Ronald Reagan, Labor Day Speech at Liberty State Park, Jersey City, New Jersey, 1 September 1980:
On this day, dedicated to American working men and women, may I tell you the vision I have of a new administration and of a new Congress, filled with new members dedicated to the values we honor today?

Beginning in January of 1981, American workers will once again be heeded.  Their needs and values will be acted upon in Washington.  I will consult with representatives of organized labor on those matters concerning the welfare of the working people of this nation.

I happen to be the only president of a union ever to be a candidate for President of the United States.

As president of my union -- the Screen Actors Guild -- I spent many hours with the late George Meany, whose love of this country and whose belief in a strong defense against all totalitarians is one of labor’s greatest legacies.  One year ago today on Labor Day George Meany told the American people:

“As American workers and their families return from their summer vacations they face growing unemployment and inflation, a climate of economic anxiety and uncertainty."

Well I pledge to you in his memory that the voice of the American worker will once again be heeded in Washington and that the climate of fear that he spoke of will no longer threaten workers and their families.

When we talk about tax reduction, when we talk about ending inflation by stopping it where it starts -- in Washington -- we are talking about a way to bring labor and management together for America.  We are talking about jobs, and productivity and wages.  We are talking about doing away with Jimmy Carter’s view of a no-growth policy, and ever-shrinking economic pie with smaller pieces for each of us.

That’s no answer.  We can have a bigger pie with bigger slices for everyone.  I believe that together you and I can bake that bigger pie.  We can make that dream that brought so many of us or our parents and grandparents to this land live once more.

Let us work to protect the human right to acquire and own a home, and make sure that that right is extended to as many Americans as possible.  A home is part of that dream.

I want to work in Washington to roll back the crushing burden of taxation that limits investment, production, and the generation of real wealth for our people.  A job, and savings, and hope for our children is part of that dream.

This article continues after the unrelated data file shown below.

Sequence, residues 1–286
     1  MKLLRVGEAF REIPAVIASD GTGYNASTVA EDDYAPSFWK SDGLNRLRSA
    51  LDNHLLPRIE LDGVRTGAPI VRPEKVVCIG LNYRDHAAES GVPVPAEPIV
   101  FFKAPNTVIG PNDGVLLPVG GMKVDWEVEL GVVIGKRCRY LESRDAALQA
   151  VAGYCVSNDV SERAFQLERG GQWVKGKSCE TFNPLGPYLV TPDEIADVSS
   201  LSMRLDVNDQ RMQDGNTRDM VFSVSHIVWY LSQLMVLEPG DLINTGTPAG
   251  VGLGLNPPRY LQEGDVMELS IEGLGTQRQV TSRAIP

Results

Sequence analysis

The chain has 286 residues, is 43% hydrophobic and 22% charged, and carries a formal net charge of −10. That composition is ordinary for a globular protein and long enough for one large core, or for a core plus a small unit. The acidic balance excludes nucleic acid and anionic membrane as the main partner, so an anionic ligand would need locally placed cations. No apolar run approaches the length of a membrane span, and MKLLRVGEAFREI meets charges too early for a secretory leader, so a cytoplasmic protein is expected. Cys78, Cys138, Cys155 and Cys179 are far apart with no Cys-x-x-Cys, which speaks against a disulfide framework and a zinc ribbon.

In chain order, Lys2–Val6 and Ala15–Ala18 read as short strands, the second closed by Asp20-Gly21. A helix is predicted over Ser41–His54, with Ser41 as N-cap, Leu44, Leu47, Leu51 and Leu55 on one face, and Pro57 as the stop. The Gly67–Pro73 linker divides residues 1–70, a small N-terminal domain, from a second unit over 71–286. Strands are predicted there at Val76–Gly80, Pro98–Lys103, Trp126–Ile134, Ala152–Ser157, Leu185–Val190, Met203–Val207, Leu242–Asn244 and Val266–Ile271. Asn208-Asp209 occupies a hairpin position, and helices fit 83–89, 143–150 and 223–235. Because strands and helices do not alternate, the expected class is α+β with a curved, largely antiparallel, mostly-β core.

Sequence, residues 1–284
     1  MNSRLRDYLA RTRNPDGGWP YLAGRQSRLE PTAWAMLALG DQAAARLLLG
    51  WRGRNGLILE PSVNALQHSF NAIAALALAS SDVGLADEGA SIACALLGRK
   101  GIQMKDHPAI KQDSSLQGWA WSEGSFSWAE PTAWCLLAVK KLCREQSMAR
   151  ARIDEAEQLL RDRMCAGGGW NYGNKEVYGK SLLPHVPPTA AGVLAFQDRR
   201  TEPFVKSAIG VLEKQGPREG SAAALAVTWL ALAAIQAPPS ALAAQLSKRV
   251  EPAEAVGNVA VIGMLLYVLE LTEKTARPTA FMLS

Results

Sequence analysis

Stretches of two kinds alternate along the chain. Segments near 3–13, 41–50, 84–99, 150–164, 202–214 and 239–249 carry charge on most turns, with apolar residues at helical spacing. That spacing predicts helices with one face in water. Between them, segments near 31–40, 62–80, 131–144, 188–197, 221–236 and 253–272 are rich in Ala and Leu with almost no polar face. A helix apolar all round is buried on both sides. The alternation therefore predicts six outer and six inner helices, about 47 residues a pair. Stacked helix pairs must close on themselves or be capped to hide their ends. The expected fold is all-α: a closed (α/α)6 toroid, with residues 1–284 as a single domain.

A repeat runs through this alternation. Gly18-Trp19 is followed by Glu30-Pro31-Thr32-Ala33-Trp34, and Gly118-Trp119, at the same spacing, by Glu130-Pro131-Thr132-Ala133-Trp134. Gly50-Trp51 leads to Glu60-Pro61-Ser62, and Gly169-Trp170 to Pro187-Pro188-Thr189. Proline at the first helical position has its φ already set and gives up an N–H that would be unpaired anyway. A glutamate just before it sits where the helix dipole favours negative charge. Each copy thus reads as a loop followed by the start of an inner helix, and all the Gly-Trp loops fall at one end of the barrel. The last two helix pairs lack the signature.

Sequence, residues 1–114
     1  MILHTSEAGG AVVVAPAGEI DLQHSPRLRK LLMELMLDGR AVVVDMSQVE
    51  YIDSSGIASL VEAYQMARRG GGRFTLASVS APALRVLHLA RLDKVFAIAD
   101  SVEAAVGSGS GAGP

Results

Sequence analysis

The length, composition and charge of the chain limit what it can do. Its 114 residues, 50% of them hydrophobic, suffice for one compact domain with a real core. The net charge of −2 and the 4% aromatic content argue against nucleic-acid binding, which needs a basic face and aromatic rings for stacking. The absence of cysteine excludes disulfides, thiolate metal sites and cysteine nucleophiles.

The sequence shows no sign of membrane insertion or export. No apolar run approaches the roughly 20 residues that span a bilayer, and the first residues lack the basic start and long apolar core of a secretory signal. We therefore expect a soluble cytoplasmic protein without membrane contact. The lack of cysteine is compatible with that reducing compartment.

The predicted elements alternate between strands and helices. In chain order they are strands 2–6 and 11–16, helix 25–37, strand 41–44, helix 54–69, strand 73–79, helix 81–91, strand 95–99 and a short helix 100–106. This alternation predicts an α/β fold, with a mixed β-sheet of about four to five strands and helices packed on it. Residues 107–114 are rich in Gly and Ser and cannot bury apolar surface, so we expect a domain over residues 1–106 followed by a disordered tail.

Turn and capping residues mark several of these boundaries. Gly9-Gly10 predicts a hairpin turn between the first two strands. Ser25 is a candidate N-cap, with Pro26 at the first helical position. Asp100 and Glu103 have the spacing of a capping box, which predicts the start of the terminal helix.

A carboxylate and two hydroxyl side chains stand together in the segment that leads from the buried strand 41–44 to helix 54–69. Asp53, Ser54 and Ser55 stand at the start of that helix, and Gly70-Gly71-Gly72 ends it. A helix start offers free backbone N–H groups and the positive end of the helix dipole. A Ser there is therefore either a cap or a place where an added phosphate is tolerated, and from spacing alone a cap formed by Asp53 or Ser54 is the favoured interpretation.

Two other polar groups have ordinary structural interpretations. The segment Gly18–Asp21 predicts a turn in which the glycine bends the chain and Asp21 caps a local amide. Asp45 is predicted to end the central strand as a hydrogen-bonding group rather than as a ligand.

I want to help Americans of every race, creed and heritage keep and build that sense of community which is at the heart of America, for a decent neighborhood is part of that dream.

We will work to strengthen the small business sector which creates most of the new jobs we need for our people.  Small business needs relief from government paperwork, relief from over-regulation, relief from a  host of governmentally-created problems that defeat the effort of creative men and women.  A chance to invest, build and produce new wealth is part of the dream.

But restoring the American dream requires more than restoring a sound, productive economy, vitally important as that is.  It requires a return to spiritual and moral values, values so deeply held by those who came here to build a new life.  We need to restore those values in our daily life, in our neighborhoods and in our government’s dealings with the other nations of the world.

These are the values inspiring those brave workers in Poland. The values that have inspired other dissidents under Communist domination.  They remind us that where free unions and collective bargaining are forbidden, freedom is lost.  They remind us that freedom is never more than one generation away from extinction.  You and I must protect and preserve freedom here or it will not be passed on to our children.  Today the workers in Poland are showing a new generation not how high is the price of freedom but how much it is worth that price.